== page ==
Texas Attorney General Ken Paxton secured a major victory in defense of the United States Constitution, with a court ruling that the $1.7 trillion omnibus spending package was unlawfully passed by the U.S. House of Representatives in 2022 without a quorum physically present as constitutionally required. The Court enjoined the defendants—the United States Attorney General, the United States Department of Justice, the Equal Employment Opportunity Commission, and their officials—from enforcing a provision of the Consolidated Appropriations Act of 2023 against the State of Texas that was proved to impose unjust cost burdens on the State.

The Quorum Clause of the U.S. Constitution mandates that the chambers of Congress must have a majority of members physically present to constitute a quorum before most official business may be conducted. However, in December 2022, fewer than half of the House of Representatives were physically present when they passed the $1.7 trillion Consolidated Appropriations Act of 2023, with those not present voting by proxy. When President Joe Biden signed the illegally passed law, Attorney General Paxton sued and sought an injunction against the implementation of certain provisions of the law affecting the State of Texas.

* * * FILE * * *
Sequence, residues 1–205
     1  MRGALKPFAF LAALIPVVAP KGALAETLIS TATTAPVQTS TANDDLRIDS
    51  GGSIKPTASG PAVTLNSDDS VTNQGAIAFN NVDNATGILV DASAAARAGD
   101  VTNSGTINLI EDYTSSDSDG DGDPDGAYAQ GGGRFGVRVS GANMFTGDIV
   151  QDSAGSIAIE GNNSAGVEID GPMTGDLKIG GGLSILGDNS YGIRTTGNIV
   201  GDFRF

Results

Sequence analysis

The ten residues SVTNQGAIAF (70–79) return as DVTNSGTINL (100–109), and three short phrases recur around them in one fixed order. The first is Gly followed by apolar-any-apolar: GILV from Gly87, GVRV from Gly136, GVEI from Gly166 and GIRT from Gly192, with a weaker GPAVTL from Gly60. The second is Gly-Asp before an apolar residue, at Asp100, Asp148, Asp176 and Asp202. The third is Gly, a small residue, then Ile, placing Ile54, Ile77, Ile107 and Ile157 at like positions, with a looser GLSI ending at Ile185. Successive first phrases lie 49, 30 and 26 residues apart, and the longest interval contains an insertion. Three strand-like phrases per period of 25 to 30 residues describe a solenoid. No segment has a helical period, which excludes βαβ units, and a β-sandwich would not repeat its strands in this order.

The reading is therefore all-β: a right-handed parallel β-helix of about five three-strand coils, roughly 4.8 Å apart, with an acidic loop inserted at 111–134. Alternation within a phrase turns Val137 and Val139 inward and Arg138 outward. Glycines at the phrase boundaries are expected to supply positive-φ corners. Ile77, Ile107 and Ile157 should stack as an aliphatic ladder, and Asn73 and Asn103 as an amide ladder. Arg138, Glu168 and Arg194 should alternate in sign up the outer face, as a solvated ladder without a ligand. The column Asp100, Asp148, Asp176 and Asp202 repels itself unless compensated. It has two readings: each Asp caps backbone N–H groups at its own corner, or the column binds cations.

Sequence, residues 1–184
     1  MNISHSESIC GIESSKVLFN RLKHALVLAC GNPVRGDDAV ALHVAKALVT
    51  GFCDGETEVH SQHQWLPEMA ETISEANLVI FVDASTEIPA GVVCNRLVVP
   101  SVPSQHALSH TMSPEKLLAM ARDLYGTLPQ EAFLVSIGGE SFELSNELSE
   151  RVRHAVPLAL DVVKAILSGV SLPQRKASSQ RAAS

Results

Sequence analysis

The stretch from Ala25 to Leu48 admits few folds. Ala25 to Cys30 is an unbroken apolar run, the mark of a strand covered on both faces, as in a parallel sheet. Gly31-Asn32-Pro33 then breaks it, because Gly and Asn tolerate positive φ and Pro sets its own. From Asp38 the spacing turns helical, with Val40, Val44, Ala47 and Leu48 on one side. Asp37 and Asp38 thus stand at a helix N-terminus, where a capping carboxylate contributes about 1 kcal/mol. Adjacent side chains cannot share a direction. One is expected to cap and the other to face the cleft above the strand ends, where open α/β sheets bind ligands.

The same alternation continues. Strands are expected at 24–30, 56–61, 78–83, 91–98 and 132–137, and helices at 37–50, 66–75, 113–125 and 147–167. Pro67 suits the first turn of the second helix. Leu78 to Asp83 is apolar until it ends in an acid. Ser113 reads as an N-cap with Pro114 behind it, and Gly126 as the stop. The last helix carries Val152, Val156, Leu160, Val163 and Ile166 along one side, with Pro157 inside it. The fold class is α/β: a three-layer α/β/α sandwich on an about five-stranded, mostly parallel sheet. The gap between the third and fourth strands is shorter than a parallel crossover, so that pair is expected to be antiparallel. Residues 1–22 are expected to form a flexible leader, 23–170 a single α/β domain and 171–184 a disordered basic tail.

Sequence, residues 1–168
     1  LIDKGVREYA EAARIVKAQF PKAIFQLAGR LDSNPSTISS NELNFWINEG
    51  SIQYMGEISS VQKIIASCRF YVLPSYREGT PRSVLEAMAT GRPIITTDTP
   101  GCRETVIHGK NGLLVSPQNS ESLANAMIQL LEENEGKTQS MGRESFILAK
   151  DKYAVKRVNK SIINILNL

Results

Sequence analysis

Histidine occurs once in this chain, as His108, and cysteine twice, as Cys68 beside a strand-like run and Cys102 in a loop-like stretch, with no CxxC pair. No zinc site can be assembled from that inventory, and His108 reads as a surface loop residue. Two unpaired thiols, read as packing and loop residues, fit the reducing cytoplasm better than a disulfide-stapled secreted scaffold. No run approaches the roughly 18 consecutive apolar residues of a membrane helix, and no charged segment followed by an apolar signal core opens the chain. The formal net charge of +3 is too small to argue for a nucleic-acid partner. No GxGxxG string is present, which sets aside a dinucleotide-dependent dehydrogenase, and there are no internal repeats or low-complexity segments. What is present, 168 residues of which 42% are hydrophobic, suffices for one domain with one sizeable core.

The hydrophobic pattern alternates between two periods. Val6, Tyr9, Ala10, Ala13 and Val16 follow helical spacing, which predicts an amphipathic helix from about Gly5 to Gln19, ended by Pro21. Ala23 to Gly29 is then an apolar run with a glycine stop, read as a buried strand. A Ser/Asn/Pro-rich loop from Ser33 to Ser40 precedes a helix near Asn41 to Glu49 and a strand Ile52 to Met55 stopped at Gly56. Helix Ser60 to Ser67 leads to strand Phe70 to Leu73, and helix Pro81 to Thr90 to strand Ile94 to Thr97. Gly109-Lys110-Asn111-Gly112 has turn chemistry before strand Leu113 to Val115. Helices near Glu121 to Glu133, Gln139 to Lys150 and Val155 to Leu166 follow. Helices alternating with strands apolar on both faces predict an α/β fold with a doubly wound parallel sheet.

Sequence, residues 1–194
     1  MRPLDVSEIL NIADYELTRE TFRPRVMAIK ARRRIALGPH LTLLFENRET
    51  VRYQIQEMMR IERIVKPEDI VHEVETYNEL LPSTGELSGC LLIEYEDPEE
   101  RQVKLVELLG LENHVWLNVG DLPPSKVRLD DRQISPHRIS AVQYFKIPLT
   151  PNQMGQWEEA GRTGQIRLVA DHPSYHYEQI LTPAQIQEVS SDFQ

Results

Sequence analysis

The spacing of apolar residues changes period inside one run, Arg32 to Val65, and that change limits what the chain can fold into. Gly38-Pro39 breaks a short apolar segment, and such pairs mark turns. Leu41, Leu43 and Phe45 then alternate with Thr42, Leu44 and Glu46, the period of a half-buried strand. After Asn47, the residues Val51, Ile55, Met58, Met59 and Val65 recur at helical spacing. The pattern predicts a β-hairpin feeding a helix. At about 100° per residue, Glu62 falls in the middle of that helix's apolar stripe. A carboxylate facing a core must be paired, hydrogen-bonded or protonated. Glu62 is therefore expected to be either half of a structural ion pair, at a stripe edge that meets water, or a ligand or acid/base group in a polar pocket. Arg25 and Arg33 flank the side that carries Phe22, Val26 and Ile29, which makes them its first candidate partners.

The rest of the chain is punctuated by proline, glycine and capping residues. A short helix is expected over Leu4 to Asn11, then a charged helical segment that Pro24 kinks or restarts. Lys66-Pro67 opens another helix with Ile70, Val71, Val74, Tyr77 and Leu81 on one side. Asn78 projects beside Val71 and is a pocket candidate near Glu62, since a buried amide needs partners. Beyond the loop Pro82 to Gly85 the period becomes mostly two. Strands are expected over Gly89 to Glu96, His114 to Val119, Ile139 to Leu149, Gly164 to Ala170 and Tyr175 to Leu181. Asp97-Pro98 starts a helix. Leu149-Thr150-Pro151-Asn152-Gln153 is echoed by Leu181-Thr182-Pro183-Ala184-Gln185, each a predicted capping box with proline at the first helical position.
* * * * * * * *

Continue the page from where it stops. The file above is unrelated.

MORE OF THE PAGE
“Congress acted egregiously by passing the largest spending bill in U.S. history with fewer than half the members of the House bothering to do their jobs, show up, and vote in person,” said Attorney General Paxton. “Former Speaker Nancy Pelosi abused proxy voting under the pretext of COVID-19 to pass this law, then Biden signed it, knowing they violated the Constitution. This was a stunning violation of the rule of law. I am relieved the Court upheld the Constitution.”

The Texas Public Policy Foundation served as co-counsel. “This meticulous, 120-page opinion was written after a full trial on the merits,” said TPPF senior attorney Matt Miller. “The Court correctly concluded that the Consolidated Appropriations Act of 2023 violated the Quorum Clause of the U.S. Constitution because a majority of House members was not physically present when the $1.7 trillion spending bill was passed. Proxy voting is unconstitutional.”

To read the decision, click here.